The radiographer will check that the scan has been successfully completed, and then once you are dressed and have gathered your belongings you may return to the reception desk.

What are the benefits?

The benefit is gaining a better understanding of the relative risk for you of having a heart attack or stroke in the future, and using that information to decide which strategies you should use to reduce your risk if the risk is found to be high

The calcium score is of no benefit to someone who has already had a heart attack, coronary bypass surgery or a coronary artery stent. These events already indicate a high risk. A calcium score cannot be used to see if any treatment is working or not.

Your doctor may decide that a second CT Calcium Score scan after a few years might be helpful to compare the results with the previous scan.

Coronary calcium scores are most informative for women aged between 35 and 70 years and men aged between 40 and 60 years in terms of providing information about cardiovascular risk, or the risk of a heart attack or stroke. Scores in patients outside these age ranges do not have any value in assessing increased risk.

Are there any risks?

In referring you for this scan, your doctor is of the opinion that the benefits of this scan for you are greater than the risks. There are some risks associated with a CT Calcium Score. A score of zero does not exclude the possibility of myocardial infarction in the future.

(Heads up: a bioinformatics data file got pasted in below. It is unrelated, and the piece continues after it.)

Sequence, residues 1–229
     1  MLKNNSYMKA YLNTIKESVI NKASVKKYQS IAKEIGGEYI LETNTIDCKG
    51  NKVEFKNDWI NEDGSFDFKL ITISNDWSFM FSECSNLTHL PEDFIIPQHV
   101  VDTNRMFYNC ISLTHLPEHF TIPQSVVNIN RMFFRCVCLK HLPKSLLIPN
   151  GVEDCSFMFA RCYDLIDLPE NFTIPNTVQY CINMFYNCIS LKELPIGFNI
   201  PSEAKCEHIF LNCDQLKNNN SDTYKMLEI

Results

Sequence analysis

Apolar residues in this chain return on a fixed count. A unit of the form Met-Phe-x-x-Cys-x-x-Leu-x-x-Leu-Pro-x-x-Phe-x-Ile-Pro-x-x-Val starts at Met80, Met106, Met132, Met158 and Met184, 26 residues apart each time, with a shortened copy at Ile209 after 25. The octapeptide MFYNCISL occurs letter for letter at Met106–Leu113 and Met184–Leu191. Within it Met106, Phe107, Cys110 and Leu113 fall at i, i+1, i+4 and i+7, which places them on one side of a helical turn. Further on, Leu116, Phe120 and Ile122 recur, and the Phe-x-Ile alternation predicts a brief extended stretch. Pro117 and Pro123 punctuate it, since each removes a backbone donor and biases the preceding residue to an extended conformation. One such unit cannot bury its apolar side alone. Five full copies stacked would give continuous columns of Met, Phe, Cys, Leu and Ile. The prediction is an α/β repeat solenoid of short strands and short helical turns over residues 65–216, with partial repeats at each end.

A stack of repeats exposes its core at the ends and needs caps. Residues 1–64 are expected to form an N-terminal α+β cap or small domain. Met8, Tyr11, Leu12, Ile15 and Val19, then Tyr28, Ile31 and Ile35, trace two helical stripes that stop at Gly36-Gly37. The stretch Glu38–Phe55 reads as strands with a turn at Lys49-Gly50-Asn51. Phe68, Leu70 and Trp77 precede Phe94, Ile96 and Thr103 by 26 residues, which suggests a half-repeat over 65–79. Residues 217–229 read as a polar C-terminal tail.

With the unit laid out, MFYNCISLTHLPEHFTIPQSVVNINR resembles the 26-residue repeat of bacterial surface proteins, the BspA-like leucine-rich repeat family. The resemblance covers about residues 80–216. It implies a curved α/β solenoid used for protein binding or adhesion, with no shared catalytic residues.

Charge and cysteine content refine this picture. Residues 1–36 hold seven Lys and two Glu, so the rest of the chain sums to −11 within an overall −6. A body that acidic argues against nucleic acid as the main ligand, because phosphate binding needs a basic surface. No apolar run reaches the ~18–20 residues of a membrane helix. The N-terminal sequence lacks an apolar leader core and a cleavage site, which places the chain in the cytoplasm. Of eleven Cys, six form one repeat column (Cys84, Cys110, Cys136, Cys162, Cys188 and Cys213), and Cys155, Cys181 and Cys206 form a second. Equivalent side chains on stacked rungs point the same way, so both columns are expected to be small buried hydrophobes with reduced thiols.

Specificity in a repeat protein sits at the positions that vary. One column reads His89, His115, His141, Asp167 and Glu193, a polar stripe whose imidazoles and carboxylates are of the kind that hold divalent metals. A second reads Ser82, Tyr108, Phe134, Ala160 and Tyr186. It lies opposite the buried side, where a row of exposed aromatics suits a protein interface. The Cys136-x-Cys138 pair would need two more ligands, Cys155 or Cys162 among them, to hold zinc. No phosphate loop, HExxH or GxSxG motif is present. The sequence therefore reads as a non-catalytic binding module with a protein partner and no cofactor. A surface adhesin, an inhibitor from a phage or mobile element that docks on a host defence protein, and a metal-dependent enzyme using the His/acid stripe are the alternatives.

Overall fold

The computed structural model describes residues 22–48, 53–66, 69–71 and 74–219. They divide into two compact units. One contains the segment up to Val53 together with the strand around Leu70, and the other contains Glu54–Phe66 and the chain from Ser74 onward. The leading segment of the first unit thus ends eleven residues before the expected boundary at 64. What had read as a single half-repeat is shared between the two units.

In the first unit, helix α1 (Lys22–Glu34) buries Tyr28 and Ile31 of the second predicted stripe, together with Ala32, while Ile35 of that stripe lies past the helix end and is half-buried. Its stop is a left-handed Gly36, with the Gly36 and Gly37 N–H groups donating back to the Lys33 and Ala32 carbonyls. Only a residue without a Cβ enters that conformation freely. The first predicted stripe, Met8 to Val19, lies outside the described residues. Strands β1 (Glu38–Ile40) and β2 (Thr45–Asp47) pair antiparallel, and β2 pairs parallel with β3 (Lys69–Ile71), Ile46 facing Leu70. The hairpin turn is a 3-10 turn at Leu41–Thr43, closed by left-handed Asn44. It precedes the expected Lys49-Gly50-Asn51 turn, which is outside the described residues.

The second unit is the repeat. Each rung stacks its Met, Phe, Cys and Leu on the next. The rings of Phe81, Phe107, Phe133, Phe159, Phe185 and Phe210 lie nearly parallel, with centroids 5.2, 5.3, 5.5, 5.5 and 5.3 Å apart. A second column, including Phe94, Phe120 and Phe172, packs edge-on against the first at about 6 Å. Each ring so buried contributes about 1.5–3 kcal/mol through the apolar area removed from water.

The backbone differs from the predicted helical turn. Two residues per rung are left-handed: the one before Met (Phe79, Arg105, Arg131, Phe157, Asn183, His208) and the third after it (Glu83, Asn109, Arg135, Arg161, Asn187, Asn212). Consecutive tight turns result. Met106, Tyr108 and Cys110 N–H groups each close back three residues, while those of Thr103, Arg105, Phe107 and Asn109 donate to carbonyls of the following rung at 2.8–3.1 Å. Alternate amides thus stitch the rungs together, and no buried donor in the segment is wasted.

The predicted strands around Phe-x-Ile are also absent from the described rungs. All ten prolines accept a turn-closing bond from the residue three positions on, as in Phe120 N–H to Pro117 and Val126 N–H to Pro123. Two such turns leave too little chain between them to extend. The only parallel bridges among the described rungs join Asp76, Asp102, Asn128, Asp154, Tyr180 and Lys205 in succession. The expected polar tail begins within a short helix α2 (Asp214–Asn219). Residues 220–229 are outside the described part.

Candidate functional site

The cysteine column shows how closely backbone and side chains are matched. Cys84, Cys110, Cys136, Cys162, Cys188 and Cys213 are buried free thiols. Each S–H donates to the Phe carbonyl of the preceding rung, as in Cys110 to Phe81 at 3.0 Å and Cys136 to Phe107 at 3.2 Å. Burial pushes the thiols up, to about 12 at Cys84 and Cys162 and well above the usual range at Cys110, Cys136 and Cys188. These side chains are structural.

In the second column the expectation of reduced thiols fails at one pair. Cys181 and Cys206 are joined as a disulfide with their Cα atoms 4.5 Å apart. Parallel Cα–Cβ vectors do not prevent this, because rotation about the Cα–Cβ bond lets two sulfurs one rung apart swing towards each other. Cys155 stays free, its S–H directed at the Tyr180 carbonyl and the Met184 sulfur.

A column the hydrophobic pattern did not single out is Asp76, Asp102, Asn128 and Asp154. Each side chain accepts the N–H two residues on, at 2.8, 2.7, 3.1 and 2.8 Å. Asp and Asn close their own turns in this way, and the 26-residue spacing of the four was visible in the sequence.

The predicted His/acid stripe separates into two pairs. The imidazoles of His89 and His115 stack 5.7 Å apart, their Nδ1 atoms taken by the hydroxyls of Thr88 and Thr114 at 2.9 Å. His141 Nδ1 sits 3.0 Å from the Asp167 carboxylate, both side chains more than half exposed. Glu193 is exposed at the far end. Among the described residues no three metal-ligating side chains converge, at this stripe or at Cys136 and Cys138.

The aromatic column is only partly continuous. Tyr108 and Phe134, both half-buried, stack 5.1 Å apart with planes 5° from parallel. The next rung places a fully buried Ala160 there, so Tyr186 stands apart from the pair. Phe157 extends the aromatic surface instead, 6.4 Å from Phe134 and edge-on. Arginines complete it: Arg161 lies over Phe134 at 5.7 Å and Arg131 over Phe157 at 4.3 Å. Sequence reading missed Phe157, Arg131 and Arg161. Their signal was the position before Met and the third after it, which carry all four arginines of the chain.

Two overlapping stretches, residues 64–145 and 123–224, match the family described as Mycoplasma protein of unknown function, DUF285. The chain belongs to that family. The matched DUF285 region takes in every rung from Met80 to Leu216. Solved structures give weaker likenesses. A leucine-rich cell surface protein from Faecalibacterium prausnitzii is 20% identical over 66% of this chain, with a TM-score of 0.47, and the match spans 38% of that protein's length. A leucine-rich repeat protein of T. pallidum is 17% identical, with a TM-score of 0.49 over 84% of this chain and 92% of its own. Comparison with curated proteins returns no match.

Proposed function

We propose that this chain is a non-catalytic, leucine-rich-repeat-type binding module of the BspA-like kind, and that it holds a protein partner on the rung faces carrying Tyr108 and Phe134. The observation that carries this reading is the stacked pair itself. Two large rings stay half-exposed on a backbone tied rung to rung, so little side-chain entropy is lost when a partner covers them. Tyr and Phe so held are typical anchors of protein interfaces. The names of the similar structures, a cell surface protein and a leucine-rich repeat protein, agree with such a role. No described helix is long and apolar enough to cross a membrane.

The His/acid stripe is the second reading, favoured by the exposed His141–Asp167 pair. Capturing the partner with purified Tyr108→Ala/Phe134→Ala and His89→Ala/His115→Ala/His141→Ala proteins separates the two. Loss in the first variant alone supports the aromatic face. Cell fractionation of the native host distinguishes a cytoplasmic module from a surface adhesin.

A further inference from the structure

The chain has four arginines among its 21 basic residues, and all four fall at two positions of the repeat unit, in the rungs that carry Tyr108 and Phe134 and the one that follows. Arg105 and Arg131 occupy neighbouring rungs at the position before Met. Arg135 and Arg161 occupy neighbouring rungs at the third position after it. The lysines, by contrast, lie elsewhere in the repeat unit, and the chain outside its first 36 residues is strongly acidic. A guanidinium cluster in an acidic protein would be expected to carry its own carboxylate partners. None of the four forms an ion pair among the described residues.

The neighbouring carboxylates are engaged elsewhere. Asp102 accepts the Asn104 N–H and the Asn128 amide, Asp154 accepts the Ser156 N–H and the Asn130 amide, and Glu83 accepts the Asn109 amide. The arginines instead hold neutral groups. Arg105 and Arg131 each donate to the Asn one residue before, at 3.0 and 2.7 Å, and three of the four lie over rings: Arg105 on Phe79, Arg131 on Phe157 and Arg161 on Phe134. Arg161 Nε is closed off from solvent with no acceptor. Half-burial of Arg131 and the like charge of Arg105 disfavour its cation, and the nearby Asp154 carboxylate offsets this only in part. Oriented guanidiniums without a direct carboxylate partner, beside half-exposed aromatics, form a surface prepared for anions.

CT uses ionising radiation to produce the images. The radiation doses associated with performing a CT Calcium Score are low, and are kept as low as possible by the CT radiographer. Therefore, the associated risks are low.

A high calcium score may affect your future health risk assessment for life and other insurance. If this is important to you, it should be discussed with the doctor who requested the scan, before the scan is performed.

Please inform the staff before the procedure if you are, or suspect that you may be, pregnant.

When do I get the results?

The Medical Imaging Specialist will send a report outlining the Calcium Score results to your referring doctor. It is important that you make a follow-up appointment with your referring doctor, to discuss your results.

I still have questions; who can I ask?

Medical information can be complex, and you may receive information that you do not fully understand. It is important for you to consider the risks and outcomes of the procedure as well as your personal needs before making a decision to undergo the procedure.

If you have read this online information and are still unsure if this is the correct procedure for you; before making a booking, you should discuss your questions or concerns with your referring doctor in the first instance. Your regular GP and/ or your family may also be a useful resource. Your referring doctor can answer questions about the risks and benefits of not having the procedure and other options for treatment.

If you have questions before your appointment about what is involved on the day, our staff would be happy to assist. Please contact the Lumus Imaging centre where you have made your appointment.

Sep 2022